17 April 2015 at 12.40pm | 1 Comment
Leonard Bernstein and the Metropolitan Opera Orchestra – Bizet’s Carmen (Pentatone)
Long unavailable on CD, Pentatone have restored and released Leonard Bernstein’s 1973 recording with the Metropolitan Opera Orchestra of Bizet’s immortal Carmen. Marilyn Horne may not be everyone’s idea of Carmen, but her mezzo is luxurious, her characterization sharply defined and her star quality dominant throughout. James McCracken’s Don José is massively sung, his naturally craggy voice suggesting imminent emotional crisis, and he and Horne together spell danger in each encounter, ending in a particularly vicious finale. Adriana Maliponte is a vibrant Micaela and Tom Krause has all the swagger Escamillo needs. Yet for all the various strengths of its cast, this remains Bernstein’s Carmen: expansive, theatrical and provocatively paced, this Carmen leaps from the speakers and affords an immersive experience. For me, this is the most consistently satisfying recording of the opera yet committed to disc.
Diana Damrau – Fiamma del belcanto (Warner)
Diana Damrau has nailed her colours to the mast here. Near enough unparalleled in bel canto repertory (she returns to Covent Garden in 2015/16 to sing Lucia di Lammermoor), she is in magnificent voice throughout this new recital, confidently in control and able to offer a multifaceted performance on each and every track. We expect Damrau to have all the goods when it comes to florid singing, and she does not disappoint in excerpts from Donizetti and Bellini – her Maria Stuarda would be something to experience in the theatre, if her rendition of the opening aria is an indication of the depth she would bring to it. As experienced at the ROH, her Violetta (La traviata) is complex and courageous, but I was surprised to come away from this disc most touched by her Mimì (La bohème) and Nedda (Pagliacci), both sung with disarming simplicity, and neither role associated with her. A very fine recital from one of our best artists.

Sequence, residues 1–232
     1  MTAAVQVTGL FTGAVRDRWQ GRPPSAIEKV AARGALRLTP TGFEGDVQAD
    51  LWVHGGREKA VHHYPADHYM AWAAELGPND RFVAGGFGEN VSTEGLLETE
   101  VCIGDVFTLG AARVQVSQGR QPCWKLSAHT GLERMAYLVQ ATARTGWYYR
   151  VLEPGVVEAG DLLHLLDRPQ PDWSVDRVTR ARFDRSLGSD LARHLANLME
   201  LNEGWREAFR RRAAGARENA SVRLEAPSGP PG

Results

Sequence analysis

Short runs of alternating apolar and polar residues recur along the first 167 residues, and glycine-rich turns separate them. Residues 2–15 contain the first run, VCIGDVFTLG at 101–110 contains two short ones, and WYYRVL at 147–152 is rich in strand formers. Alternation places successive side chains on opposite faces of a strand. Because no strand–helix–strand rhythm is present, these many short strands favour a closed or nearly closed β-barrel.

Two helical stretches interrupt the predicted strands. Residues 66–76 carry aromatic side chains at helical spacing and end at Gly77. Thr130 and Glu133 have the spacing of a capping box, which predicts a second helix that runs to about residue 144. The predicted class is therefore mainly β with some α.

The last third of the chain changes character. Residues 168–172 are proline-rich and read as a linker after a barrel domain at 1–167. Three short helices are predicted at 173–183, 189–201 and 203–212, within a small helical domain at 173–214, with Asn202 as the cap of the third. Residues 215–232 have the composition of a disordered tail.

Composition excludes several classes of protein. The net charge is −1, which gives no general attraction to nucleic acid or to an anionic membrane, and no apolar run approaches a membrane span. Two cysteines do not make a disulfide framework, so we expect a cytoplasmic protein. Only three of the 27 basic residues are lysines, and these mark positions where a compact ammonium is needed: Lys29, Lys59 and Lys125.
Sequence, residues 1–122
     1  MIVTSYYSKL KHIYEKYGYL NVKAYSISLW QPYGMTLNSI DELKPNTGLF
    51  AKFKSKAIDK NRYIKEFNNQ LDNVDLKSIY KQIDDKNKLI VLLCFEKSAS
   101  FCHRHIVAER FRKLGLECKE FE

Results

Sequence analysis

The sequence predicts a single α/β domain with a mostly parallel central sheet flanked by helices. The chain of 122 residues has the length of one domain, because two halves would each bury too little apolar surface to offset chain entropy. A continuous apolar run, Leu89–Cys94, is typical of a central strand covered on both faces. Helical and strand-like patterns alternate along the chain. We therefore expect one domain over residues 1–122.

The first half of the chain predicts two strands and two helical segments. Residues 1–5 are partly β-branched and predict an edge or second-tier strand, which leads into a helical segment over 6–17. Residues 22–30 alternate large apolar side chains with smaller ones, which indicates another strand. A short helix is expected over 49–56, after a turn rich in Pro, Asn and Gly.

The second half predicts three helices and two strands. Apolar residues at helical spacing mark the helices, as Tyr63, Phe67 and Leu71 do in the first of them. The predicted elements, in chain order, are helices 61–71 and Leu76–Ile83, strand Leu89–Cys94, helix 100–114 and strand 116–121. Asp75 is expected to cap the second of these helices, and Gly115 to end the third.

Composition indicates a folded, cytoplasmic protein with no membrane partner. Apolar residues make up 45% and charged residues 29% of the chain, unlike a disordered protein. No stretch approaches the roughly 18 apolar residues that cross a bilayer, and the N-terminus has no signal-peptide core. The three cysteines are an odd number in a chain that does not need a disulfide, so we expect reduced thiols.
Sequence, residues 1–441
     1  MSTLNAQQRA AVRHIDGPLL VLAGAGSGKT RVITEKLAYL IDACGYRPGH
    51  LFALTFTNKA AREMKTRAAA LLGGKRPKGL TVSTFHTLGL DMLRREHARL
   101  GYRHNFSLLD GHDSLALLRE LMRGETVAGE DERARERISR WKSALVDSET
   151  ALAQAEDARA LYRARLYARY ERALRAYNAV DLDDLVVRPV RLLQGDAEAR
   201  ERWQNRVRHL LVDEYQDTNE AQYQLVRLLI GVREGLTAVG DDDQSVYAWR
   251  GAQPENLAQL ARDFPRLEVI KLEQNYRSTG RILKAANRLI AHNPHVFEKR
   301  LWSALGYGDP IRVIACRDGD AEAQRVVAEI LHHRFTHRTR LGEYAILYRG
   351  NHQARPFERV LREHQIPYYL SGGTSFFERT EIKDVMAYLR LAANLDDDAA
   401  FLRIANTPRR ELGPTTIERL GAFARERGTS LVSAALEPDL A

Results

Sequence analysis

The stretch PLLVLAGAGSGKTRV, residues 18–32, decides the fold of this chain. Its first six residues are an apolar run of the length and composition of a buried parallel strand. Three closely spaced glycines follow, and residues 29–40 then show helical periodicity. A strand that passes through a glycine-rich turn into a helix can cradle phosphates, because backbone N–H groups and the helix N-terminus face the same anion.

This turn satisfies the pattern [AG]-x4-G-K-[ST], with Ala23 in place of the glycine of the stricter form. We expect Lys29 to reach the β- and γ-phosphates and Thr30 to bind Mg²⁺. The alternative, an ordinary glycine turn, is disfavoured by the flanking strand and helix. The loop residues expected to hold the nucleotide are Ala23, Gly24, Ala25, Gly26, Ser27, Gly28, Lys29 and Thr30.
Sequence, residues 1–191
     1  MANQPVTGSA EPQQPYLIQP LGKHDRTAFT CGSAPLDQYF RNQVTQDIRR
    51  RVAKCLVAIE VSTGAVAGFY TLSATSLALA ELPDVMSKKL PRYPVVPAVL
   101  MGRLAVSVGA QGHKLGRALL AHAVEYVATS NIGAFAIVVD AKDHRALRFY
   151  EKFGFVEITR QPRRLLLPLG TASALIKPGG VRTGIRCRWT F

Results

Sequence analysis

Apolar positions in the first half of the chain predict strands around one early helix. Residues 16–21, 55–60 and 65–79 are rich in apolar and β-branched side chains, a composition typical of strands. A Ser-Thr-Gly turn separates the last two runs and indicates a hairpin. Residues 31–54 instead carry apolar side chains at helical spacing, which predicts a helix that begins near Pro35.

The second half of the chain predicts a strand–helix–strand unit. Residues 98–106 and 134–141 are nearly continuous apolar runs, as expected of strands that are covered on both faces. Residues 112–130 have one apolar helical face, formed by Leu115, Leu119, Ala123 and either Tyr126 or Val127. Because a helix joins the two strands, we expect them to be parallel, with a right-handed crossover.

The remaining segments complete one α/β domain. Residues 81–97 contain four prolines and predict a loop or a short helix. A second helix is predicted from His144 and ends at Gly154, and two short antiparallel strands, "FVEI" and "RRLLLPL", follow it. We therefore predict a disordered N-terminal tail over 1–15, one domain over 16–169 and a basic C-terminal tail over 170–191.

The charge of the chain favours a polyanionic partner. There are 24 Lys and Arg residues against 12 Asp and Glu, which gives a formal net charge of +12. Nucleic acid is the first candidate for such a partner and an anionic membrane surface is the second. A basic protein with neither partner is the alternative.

Nicholas Achten and Scherzi Musicali – Il pianto d’Orfeo (Deutsche Harmonica Mundi)
As The Royal Opera announces the continuation of its Orpheus myth-inspired programming, Deutsche Harmonia Mundi has put out this timely release covering music from early operas on the same theme. Led by Nicolas Achten (who plays both harp and theorbo as well as providing much of the vocal content), Scherzi Musicali are completely involved and involving in this repertory, creating a vibrant and authentic musical world, evocatively re-creating the sound of opera during its formative years in the early 1600s. To the forefront is of course a selection from Monteverdi’s great La favola d’Orfeo, but the other excerpts taken from operas by Monteverdi’s contemporaries — Rossi, Merula, De’Cavalieri and Peri — are no less exquisite. Intelligently grouped to allow the legend to follow its course, and with excellent performances from soprano Deborah York, this is an exceptional journey through some of opera’s earliest moments.
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